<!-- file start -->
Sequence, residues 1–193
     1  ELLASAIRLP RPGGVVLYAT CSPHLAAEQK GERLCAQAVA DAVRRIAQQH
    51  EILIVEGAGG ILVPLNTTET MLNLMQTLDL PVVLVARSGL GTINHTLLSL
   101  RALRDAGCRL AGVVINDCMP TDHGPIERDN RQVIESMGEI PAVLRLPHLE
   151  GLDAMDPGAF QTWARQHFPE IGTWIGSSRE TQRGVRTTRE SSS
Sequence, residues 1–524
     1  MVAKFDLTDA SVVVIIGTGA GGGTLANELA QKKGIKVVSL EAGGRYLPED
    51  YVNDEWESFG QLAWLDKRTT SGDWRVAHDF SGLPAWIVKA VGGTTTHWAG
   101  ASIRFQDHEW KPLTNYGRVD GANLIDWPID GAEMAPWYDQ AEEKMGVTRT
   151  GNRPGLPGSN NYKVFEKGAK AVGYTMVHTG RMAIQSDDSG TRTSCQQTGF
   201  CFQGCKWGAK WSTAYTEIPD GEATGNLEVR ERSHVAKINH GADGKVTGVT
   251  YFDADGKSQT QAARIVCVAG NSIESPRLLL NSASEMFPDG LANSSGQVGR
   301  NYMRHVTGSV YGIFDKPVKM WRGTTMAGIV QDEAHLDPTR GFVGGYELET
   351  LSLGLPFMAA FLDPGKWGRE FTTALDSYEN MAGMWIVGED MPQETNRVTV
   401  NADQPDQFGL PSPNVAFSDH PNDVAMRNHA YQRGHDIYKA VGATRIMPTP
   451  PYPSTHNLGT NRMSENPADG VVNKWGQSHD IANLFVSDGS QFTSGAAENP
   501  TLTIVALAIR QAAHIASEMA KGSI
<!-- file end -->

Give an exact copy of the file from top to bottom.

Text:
Sequence, residues 1–193
     1  ELLASAIRLP RPGGVVLYAT CSPHLAAEQK GERLCAQAVA DAVRRIAQQH
    51  EILIVEGAGG ILVPLNTTET MLNLMQTLDL PVVLVARSGL GTINHTLLSL
   101  RALRDAGCRL AGVVINDCMP TDHGPIERDN RQVIESMGEI PAVLRLPHLE
   151  GLDAMDPGAF QTWARQHFPE IGTWIGSSRE TQRGVRTTRE SSS
Sequence, residues 1–524
     1  MVAKFDLTDA SVVVIIGTGA GGGTLANELA QKKGIKVVSL EAGGRYLPED
    51  YVNDEWESFG QLAWLDKRTT SGDWRVAHDF SGLPAWIVKA VGGTTTHWAG
   101  ASIRFQDHEW KPLTNYGRVD GANLIDWPID GAEMAPWYDQ AEEKMGVTRT
   151  GNRPGLPGSN NYKVFEKGAK AVGYTMVHTG RMAIQSDDSG TRTSCQQTGF
   201  CFQGCKWGAK WSTAYTEIPD GEATGNLEVR ERSHVAKINH GADGKVTGVT
   251  YFDADGKSQT QAARIVCVAG NSIESPRLLL NSASEMFPDG LANSSGQVGR
   301  NYMRHVTGSV YGIFDKPVKM WRGTTMAGIV QDEAHLDPTR GFVGGYELET
   351  LSLGLPFMAA FLDPGKWGRE FTTALDSYEN MAGMWIVGED MPQETNRVTV
   401  NADQPDQFGL PSPNVAFSDH PNDVAMRNHA YQRGHDIYKA VGATRIMPTP
   451  PYPSTHNLGT NRMSENPADG VVNKWGQSHD IANLFVSDGS QFTSGAAENP
   501  TLTIVALAIR QAAHIASEMA KGSI